The whole Mod movement was understated internally. But vigorously self expressive to the outside world. No one was the leader. The Mod movement was self generating and given purpose from within. Mods had ideals. Clothes, the look of certain things - more than an outside influenced fashion. RnB, Soul music and dancing were paramount, with girls and scooters next in line. The whole movement needed no outside endorsements.

Mods cared little for what anyone else thought about them, except for other Mods that is. Changing rapidly, it was very intense, you had to be totally committed to be a Mod. You had to constantly be planning to go to Parties but never organise one. Being evangelical about black music was a badge of office. Being a Soul Mod could never be faked.

Fashions and styles changed at a meteoric pace; fashions, styles were either 'out' or 'in'. You might be out and think you were in when most of the in crowd deemed you to be out! But if you had ever been in you could catch up, if you'd never been in you were always out.

Mod style took over everything; the way you walked, the way you hunched your shoulders. They way in which you buttoned up your suit jacket. The way your top pocket handkerchief was folded. We were deeper in mysterious signs than the Freemasons. The look of the girls you were seen with. The way that the thumbs stuck out of hands in the trouser pockets, which they usually were. It was a total life style.

Mods lived, breathed and slept Mod.

Work was tolerated - a way to get money - to be in.

You worked for the weekend.

The weekend was the all nighter.

wheel nighter flyer

Pills featured in our weekend lives: Black and Greens, no not a chain of gentleman's outfitters, but Amphetemine or Drinamyl capsules (Purple Hearts), Yellows, Green and Clears, Blue's, Black Bombers, Black and White Minstrels, Benzedrine and all the rest of grannies heart tablets did the same...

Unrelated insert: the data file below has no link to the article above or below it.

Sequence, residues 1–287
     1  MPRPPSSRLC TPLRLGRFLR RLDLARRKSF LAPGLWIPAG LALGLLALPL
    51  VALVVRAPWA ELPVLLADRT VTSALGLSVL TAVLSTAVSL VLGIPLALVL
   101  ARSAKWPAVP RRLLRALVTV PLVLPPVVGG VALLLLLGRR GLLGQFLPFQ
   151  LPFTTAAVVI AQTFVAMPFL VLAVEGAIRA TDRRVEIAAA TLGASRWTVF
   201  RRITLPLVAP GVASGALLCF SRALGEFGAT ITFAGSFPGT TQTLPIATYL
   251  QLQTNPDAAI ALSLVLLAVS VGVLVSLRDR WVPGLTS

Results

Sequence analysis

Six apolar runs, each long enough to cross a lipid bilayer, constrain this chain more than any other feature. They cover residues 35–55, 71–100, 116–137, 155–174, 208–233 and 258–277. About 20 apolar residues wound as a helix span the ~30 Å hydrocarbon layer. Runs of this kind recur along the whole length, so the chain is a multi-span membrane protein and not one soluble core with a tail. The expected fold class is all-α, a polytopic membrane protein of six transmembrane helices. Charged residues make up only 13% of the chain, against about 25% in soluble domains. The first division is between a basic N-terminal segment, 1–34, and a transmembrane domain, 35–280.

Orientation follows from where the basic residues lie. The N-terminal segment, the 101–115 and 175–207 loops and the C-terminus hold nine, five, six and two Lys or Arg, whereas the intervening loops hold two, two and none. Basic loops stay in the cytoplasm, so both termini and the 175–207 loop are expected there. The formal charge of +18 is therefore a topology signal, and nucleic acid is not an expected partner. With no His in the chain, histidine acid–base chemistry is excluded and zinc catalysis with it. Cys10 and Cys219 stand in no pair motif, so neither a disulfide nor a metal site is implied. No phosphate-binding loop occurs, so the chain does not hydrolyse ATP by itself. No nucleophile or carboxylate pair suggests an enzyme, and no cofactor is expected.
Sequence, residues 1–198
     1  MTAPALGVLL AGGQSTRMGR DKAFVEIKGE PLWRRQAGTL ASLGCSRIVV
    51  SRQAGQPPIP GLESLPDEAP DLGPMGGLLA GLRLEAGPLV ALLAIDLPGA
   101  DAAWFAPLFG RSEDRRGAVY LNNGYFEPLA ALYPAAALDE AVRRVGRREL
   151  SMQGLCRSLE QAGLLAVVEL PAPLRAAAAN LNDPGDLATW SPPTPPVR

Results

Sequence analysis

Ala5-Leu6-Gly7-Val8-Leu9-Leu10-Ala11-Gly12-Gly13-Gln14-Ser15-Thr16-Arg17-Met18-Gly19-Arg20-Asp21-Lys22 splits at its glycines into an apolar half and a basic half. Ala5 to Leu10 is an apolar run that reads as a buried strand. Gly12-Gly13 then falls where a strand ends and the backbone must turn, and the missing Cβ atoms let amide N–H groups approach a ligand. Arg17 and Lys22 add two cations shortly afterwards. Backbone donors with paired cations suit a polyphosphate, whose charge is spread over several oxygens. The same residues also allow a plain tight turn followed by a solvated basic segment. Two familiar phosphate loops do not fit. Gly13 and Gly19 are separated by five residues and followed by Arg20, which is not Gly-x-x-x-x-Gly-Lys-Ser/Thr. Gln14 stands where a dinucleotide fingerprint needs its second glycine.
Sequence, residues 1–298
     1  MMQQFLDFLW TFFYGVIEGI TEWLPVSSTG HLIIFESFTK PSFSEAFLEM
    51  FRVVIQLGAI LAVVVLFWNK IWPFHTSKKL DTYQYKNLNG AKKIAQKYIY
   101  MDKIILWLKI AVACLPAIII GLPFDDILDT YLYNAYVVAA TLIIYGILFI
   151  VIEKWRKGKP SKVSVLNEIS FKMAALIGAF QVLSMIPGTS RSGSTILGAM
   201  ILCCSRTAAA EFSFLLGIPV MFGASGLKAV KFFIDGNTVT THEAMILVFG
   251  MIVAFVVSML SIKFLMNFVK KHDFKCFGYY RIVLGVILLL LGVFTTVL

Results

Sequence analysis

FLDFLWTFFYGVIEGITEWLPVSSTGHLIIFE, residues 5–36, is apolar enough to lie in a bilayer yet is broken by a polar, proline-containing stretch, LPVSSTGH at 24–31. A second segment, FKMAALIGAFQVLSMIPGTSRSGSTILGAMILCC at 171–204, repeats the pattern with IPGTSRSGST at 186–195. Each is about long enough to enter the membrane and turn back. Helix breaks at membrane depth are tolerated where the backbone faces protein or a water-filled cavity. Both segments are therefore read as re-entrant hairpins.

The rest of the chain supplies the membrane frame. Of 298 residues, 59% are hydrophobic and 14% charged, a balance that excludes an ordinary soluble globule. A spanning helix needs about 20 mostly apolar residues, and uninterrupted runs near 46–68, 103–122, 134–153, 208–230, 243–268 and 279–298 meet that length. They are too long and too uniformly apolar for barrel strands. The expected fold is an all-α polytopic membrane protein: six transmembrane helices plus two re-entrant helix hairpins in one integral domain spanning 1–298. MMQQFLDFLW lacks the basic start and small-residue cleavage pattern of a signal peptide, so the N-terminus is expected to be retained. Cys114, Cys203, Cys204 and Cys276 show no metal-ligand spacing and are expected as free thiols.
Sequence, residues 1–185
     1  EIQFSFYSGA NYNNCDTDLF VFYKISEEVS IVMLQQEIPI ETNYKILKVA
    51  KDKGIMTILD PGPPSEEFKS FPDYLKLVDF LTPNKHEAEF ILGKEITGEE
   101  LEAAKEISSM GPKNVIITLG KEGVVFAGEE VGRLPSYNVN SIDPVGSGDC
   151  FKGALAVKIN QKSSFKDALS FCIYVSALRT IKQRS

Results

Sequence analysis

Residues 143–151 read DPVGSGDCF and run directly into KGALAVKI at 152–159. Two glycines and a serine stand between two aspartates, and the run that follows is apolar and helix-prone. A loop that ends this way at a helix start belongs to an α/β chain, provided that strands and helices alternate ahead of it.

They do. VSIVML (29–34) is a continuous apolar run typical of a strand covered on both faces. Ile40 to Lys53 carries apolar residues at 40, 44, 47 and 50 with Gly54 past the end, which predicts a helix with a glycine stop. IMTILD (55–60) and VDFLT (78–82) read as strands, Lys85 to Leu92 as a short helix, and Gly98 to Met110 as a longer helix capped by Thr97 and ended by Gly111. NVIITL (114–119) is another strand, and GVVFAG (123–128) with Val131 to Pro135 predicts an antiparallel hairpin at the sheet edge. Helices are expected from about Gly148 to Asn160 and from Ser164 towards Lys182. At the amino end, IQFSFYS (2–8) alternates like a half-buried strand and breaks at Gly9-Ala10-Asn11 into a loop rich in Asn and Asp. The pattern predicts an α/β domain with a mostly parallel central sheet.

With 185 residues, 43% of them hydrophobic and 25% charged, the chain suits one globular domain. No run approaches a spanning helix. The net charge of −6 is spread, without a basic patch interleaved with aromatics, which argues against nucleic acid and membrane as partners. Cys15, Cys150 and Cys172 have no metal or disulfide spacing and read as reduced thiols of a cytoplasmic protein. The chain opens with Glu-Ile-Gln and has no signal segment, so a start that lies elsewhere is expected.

After a night at the Old Wheel, many Mods from Manchester headed out on their scooters to Bolton. The Boneyard was the venue near to the railway station, an upstairs club. This was a change from the cellar dives we were used too. The Boneyard was a nickname for reasons that time has now forgotten. Was it to do with the black magic of the blues? The clubs real name was the Caroline Lounge named after the pirate radio ship Radio Caroline... on 199. It was a very soulful place with heavy playing of the Impressions, lots of Sue recordings, the Mad Lads, it was the first place I heard 'Candy' by the Astors (written by Steve Cropper) and of course lots of early Motown.

In those days, Manchester's Soul Mods used to meet in two main places; outside the Old Shambles (speakers Corner) Sinclairs Oyster Bar, which was on a fairly busy road in those days. The Cona Cafe and outside the Wimpy Bar in Piccadilly. Transactions, sales of soul 45's, exchanges of money for pills would take place here.

Fashions and styles changed rapidly, for a couple of weeks people would be wearing see through plastic rain coats, then it all changed to bright coloured jackets, bought as white coats from the Army and Navy stores and then hand dyed into bright colours.

Mods lived fashion, Fred Perry three button shirts were always 'in', worn alone with Levis or with suit jackets. Cycling vests and shoes, Levi jeans, Parkers, black sun glasses, even the city gent look was in. Suites. Cufflinks, Braces on our trousers, Brogue shoes. Military ties. Umbrellas, the whole shooting match. Later came the gangster look with the Elliot Ness and Frank Nitty hats. Bags, bowling bags and airline bags became the rage. They where needed for holding a change of clothes after the All Nighters. Long leather coats - always ' in' probably because of the cost (about £40).

But most of all, "Smart" was the dress code, and it lasted right through the entire Manchester Soul Mod scene. Right through from 64 to 69 when it was just the remnants of the old Mod scene but essential as a Manchester Soul activist!

The Impressions early LP covers showed three very smartly dressed guys, in silver mohair suits. This was certainly an influence upon the Northern Mod scene. Suits with 13", then 15" and then 17" side vents. Then came centre vents, even centre pleats. Who is the coolest guy…..sang Mohair Sam.

Top pockets had handkerchiefs, silk ones were the only thing to make the grade. Searches for military and paisley patterned ties took hours, but they had to be found otherwise you could be 'OUT'. They were the kings, the cool jerks, the 'In Crowd'. They had Scooters LI 150 GT 200 Cento Lambtretta, Vespa's. Mirrors, Chrome side panels, long aerials with fox tails on top, British Union Flags, G I Parkers, and sun glasses. Short hair back combed for the men. The girls with white lipstick, black eyes, long false lashes, Mary Quante hair cuts, Op Art dresses.


salford soul mods